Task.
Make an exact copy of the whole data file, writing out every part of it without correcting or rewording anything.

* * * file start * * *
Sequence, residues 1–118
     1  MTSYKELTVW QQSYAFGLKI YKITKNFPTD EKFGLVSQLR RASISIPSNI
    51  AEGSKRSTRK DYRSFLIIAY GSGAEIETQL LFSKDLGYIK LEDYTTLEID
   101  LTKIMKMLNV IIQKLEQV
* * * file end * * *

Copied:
Sequence, residues 1–118
     1  MTSYKELTVW QQSYAFGLKI YKITKNFPTD EKFGLVSQLR RASISIPSNI
    51  AEGSKRSTRK DYRSFLIIAY GSGAEIETQL LFSKDLGYIK LEDYTTLEID
   101  LTKIMKMLNV IIQKLEQV